Whittingdale's free press support 'tested' by reports
John Whittingdale has told MPs press freedom is vital - despite his belief being "tested to the utmost" following reports about his private life.
The Culture Secretary has faced calls to withdraw from press regulation decisions after news of his relationship with an escort.
He said politicians must "tread very carefully" on press regulation.
He also said the government had an "open mind" on implementing the rest of the Leveson review into the press.
Making his first Commons appearance since the story broke, Mr Whittingdale said he had "considerable sympathy with the victims of press abuse" and that he'd had a number of meetings with some of them.
Backbench MP Simon Danczuk accused him of breaking the prime minister's promise to implement the 2011 inquiry in full.
"Having had my faith perhaps tested to the utmost I still believe that press freedom is a vitally important component of a free society and we should tread very carefully," Mr Whittingdale said.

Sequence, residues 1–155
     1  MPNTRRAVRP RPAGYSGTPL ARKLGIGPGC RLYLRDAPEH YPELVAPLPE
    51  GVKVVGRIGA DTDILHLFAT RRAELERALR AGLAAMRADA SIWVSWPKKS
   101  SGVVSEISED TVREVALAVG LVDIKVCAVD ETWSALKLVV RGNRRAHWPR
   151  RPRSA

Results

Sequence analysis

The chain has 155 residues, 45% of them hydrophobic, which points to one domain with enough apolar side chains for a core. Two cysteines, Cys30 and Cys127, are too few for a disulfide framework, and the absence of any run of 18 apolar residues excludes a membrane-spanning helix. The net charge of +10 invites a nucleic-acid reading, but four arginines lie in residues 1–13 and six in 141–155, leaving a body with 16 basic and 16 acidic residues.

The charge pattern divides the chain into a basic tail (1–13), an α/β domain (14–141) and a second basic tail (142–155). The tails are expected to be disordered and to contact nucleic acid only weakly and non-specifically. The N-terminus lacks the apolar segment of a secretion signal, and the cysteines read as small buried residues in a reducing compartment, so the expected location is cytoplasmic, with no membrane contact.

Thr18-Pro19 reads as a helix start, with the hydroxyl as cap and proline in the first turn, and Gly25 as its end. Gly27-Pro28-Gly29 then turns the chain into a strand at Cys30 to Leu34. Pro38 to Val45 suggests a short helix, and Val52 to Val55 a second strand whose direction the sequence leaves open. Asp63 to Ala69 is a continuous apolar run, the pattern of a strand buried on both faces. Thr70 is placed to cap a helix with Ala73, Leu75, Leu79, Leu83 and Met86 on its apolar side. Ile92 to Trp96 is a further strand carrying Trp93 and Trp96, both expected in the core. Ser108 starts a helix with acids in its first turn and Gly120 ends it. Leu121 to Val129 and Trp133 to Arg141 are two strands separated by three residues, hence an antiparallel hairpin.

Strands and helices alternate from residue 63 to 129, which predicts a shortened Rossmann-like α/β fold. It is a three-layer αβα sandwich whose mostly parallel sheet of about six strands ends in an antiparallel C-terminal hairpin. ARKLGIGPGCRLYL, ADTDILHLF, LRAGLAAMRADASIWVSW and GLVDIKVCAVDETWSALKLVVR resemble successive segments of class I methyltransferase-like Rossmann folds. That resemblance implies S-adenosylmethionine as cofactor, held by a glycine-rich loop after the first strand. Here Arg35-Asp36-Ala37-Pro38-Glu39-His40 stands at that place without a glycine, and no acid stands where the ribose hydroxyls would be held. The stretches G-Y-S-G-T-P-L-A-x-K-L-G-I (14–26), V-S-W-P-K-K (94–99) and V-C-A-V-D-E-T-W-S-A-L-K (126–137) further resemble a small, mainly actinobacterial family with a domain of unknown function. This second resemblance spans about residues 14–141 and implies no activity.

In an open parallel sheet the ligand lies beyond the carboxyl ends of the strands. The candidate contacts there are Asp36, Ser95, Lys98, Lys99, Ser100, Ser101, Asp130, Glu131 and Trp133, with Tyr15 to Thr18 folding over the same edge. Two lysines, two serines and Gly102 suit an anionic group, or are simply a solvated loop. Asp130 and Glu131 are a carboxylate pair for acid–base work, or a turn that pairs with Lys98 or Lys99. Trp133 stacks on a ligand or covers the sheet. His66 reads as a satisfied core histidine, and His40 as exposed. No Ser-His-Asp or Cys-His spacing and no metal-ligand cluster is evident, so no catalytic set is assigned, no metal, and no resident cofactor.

Campaigners are calling for outstanding parts of the Leveson review - which would require newspapers to pay libel costs even if they won a case brought against them - to be implemented.
Mr Whittingdale said the government was "keeping an open mind about when to implement the remaining section", acknowledging a decision was needed "relatively quickly".
He also added that cost provision for victims could not come into effect until there was a "recognised regulator" in place.
Mr Whittingdale's opposite number, Labour's shadow culture secretary Maria Eagle joked that he had been distracted by "extra curricular activities" - adding that she was referring to his "moonlighting for the Leave campaign" ahead of the EU referendum.